The first novel in Connor Mackay’s science fiction series THE ALBATROSS: CONTACT follows the perspectives of three major players in a war between alien species. The Lumenarians, from the planet Lumen, send spaceships to Earth, but instead of attacking, as veteran Will Reach expects them to, they ask the humans for help in the war they’ve been fighting for decades upon decades with the brutal species they call the Forsaken, in exchange for healing Earth from climate change. With a tragic past and nothing left to lose, Will joins the aliens’ experimental army, alongside his friend and bartender, Frank, who fought alongside him in Afghanistan. Aboard the Lumenarians’ ship, the Albatross, Will meets Sarah, who scored among the highest on the human’s intelligence test. Over the course of the book, Sarah and Will fall in love, while they train using the Lumenarians’ intense technology and prepare for battles with the Forsaken that have consequences that may reverberate throughout the universe.
The book is separated into four parts: the first is narrated by Will; the second by Sarah; the third by the Lumenarian commander of the Albatross, Arthur; and the fourth alternates chapters between the three characters. Part two starts where part one leaves off and carries the book through several months. While it is jarring at first to hear about the events in Sarah’s words rather than Will’s, she quickly endears herself to readers. She and Will are very different people: Will is an alcoholic who hides behind humor and a tough guy persona, while Sarah is observant, intelligent, and does not hesitate to share her feelings with other people. Will’s hard exterior and joking defense mechanisms inch into stereotype territory, as he hides his history of loss, uses his charisma and disregard for the rules to succeed, and drowns his secret sorrows in alcohol. In latter chapters of the book, he and the other characters express how much he has changed during the year-long training and in his relationship with Sara, but the change is difficult to see in his still-sarcastic dialogue. He has much more room to grow and change in the book’s upcoming sequels. The third narrator, Arthur, also has a tragic backstory that informs his actions and invites empathy for an alien character that shows a depth and breadth of emotion.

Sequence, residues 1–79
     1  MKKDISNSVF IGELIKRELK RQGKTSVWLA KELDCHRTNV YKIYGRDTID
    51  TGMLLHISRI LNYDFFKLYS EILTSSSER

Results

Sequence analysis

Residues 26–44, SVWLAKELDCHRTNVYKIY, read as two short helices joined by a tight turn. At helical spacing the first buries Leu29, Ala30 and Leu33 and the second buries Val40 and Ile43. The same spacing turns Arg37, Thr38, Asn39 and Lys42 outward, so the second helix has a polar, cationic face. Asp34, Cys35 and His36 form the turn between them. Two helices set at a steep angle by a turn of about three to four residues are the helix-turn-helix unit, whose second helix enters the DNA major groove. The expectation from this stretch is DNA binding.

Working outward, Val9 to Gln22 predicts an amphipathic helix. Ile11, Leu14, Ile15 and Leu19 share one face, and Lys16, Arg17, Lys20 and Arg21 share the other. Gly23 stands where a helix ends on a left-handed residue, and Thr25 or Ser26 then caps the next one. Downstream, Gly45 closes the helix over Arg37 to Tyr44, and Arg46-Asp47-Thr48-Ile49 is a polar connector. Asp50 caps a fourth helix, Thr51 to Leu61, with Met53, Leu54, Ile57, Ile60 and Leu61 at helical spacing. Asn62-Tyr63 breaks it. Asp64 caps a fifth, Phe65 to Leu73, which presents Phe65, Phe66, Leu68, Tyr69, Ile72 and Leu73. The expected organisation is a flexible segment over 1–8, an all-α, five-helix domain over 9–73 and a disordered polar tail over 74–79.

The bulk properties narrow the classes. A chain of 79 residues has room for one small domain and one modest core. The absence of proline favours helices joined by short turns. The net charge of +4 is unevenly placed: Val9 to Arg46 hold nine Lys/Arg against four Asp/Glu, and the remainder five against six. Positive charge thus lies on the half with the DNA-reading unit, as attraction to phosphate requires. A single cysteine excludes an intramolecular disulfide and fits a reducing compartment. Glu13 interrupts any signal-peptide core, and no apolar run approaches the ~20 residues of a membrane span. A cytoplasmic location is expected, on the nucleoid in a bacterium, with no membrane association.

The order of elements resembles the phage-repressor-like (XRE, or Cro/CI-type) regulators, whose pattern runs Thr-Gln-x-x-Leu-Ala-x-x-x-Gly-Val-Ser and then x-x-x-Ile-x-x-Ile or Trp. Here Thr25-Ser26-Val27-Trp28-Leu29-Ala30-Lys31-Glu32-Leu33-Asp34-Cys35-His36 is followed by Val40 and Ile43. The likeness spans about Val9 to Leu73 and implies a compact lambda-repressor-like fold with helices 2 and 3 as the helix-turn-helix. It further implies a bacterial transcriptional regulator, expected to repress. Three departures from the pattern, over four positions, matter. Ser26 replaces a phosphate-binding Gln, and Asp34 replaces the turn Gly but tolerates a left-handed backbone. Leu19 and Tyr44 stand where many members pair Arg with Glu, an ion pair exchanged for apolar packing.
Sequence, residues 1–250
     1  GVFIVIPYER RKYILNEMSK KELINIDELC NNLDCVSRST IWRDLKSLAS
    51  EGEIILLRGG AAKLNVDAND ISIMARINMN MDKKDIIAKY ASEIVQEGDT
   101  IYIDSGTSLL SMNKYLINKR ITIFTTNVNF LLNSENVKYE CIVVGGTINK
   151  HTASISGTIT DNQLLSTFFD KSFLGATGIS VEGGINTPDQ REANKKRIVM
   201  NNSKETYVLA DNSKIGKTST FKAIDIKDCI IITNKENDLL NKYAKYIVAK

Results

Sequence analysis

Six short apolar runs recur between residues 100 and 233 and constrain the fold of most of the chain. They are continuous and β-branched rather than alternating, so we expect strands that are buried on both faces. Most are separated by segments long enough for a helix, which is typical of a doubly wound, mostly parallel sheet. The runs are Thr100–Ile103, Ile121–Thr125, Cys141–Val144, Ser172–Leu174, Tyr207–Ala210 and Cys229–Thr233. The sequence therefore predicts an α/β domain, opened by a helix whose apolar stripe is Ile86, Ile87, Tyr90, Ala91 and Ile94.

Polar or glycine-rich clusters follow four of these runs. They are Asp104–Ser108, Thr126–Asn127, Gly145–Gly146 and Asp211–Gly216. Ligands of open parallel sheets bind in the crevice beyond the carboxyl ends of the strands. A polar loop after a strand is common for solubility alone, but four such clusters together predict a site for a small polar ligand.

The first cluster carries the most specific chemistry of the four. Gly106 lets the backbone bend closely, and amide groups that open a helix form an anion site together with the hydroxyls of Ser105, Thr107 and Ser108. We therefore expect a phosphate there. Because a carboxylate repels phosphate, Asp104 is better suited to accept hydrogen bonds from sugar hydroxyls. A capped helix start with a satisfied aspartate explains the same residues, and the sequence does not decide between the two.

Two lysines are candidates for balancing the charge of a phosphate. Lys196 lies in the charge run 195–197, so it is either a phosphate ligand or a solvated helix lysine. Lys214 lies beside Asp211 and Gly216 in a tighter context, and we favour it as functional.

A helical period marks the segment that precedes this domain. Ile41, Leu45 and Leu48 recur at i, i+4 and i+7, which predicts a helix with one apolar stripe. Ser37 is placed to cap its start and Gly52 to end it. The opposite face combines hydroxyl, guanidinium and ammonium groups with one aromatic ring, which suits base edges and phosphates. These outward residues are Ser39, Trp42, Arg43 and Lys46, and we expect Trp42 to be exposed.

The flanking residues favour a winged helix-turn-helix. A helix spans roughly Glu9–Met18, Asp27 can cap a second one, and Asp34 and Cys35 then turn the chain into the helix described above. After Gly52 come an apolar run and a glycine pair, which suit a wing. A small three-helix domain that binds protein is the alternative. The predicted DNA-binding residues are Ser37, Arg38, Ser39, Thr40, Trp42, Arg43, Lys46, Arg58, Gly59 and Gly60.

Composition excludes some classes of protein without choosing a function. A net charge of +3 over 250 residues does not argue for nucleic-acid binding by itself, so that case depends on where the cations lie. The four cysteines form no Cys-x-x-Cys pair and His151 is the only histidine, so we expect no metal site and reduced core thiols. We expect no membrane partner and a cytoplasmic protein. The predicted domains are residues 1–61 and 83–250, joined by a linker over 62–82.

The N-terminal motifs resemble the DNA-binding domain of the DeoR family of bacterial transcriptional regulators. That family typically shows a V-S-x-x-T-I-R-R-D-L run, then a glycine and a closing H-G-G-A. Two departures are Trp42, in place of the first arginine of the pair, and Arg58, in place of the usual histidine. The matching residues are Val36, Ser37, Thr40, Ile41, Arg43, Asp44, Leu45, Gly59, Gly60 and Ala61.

The Lumenarians’ technology is fascinating and unique. A painful insertion of tech into the human brain leads to increased strength and stamina. Weapons integrate into the neurological system and can be controlled by the mind. An update includes immediate translation of thousands of alien and human languages, which aid the characters, alien and human alike, in communicating with each other. The not-quite-faster-than-light travel is explained in a way that makes sense for the plot and the character describing it. Training and battle scenes that use the technology pulse with suspense, and the spectacular action sequences when the danger is high amp up suspense while showcasing Will and Sarah’s new capabilities and skills.
Two cases of deception on Arthur’s part—he makes the characters, and therefore the reader, believe things that are not true, even if temporarily—diminish the audience’s trust in the book’s plot. These two plot twists do, however, make Will, Sarah, and the other humans more invested in each other and in the responsibilities they signed up for when joining the Lumenarians. There are no deceptions, plot twists, or red herrings just for their own sake—each event in the story works to build character and relationships and expands the book’s world beyond its pages.
THE ALBATROSS: CONTACT by Connor Mackay balances the large scope of worldbuilding with small details of character to create a science fiction epic that is immersive and engaging.
~Aimee Jodoin for IndieReader